In late 2017, hackers exploited a flaw in technology from manufacturer Schneider Electric that halted operations at an undisclosed industrial facility.
The attackers invaded one of Schneider’s Triconex safety systems, which are used in nuclear facilities, oil and gas plants, water treatment facilities, and other industrial plants to safely shut down processes when hazardous conditions are detected. It was the first reported cyber attack on this type of system, according to a Reuters report.
The incident provides an example of the potential security vulnerabilities of manufacturing operations and shop floor equipment. With the ongoing growth of the Industrial Internet of Things (IIoT), the shop floor is becoming ever-more instrumented and connected.
This increased connectivity and data-centric approach to production presents another potential attack vector, either for malware or for data poisoning. And it might be even more of a target for shop floors that are becoming more real-time responsive to demand data coming in from partners.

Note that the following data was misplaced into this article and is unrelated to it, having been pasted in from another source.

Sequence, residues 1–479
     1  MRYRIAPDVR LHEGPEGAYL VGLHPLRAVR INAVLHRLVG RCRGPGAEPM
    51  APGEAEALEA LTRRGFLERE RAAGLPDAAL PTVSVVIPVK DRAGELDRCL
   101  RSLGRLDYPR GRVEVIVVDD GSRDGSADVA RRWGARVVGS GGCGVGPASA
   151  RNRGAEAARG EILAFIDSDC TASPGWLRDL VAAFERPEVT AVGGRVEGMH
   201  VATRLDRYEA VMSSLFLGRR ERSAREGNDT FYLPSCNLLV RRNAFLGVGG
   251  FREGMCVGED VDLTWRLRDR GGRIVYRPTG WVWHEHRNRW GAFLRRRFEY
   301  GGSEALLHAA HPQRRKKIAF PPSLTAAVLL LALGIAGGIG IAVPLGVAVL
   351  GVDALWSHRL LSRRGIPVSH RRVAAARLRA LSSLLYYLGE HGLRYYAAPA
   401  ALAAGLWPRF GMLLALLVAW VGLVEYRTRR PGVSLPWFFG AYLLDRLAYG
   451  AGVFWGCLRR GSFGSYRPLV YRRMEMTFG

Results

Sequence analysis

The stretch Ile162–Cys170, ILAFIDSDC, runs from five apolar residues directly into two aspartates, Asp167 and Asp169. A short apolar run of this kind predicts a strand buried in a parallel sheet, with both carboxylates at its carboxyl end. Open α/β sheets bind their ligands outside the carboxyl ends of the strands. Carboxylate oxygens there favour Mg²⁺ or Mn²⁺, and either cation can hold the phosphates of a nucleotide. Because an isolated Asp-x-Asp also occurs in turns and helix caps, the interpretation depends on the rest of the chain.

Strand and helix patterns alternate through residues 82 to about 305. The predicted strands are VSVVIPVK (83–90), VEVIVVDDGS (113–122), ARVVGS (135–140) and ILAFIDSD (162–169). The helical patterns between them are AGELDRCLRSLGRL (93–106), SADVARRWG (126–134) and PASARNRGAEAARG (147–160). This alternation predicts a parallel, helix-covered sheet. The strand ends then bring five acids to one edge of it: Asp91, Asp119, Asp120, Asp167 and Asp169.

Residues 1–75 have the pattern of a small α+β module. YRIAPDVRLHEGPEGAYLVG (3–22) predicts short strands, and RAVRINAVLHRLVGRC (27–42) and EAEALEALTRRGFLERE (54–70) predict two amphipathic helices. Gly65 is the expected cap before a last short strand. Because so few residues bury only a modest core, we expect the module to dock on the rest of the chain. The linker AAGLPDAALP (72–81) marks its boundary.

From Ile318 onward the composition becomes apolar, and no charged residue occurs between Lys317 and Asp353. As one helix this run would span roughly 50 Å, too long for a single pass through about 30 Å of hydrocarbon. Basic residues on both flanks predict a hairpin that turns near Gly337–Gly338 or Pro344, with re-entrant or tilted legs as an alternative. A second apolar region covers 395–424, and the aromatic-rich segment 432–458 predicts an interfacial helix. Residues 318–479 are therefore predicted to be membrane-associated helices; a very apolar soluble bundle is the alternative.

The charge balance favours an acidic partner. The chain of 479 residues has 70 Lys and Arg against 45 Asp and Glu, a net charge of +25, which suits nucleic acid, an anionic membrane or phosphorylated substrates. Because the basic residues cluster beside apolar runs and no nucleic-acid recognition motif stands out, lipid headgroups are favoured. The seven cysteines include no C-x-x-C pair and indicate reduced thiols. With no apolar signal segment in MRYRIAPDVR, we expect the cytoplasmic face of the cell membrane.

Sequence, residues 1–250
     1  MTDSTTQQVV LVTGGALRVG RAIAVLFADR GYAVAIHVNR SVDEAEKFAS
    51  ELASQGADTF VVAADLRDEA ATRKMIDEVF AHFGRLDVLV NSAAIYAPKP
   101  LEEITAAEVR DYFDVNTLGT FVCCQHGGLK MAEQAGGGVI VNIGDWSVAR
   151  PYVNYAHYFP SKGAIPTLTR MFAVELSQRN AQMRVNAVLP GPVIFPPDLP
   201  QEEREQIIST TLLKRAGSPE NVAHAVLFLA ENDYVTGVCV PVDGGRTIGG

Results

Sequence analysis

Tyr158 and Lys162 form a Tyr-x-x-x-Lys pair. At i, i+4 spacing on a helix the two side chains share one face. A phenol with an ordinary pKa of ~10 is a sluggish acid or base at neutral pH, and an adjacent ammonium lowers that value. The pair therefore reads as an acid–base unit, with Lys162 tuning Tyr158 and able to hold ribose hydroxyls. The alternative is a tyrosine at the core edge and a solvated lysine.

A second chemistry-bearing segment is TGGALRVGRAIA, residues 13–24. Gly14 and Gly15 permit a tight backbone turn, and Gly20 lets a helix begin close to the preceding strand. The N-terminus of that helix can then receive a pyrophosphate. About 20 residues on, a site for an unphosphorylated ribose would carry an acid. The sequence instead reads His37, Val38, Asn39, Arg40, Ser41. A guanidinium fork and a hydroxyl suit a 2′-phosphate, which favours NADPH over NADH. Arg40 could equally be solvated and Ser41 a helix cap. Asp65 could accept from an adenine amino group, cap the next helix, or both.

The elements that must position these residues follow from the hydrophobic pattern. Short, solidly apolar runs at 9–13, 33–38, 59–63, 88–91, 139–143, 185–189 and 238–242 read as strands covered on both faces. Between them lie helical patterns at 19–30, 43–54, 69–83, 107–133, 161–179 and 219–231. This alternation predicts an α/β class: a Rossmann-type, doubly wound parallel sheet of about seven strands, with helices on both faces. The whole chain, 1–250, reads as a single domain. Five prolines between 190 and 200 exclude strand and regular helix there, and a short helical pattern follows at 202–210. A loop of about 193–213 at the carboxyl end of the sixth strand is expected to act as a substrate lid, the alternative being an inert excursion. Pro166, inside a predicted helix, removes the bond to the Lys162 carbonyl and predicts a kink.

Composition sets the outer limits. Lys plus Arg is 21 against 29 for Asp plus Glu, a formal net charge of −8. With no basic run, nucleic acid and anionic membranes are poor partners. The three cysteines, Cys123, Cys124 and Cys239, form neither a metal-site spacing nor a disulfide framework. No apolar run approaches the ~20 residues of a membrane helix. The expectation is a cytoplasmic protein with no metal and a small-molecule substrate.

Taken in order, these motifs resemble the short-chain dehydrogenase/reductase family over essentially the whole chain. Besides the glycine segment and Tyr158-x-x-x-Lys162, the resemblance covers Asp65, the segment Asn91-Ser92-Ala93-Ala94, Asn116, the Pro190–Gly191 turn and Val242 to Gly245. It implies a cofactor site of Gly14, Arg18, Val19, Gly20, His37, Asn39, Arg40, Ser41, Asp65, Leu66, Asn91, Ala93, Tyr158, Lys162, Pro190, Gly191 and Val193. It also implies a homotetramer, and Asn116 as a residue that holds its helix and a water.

Nasrin Rezai, CISO, GE
“The speed of digital transformation across all industries—and the convergence of IT and OT [operational technology]—create urgency for all business and technology leaders to redefine boundaries of cyber resiliency beyond just enterprise IT,” said Nasrin Rezai, CISO at manufacturing conglomerate GE.
“Cyber security needs to be managed as a top business strategy and risk management practice, with clearly defined disciplines embedded in business processes, product management. and operations,” Rezai said.
Risks at the intersection of IT and OT
Manufacturers are certainly aware of security risks and the need to defend themselves. Discrete manufacturing is one of the three industries that will spend the most on security technologies in 2018 — along with banking and federal/central government, according to a March 2018 report by International Data Corp. (IDC).
Those three industries will spend more than $27 billion worldwide on security this year, IDC said. Manufacturers are spending on security initiatives to avoid large scale cyber attacks and adhere to regulatory compliance, the report said.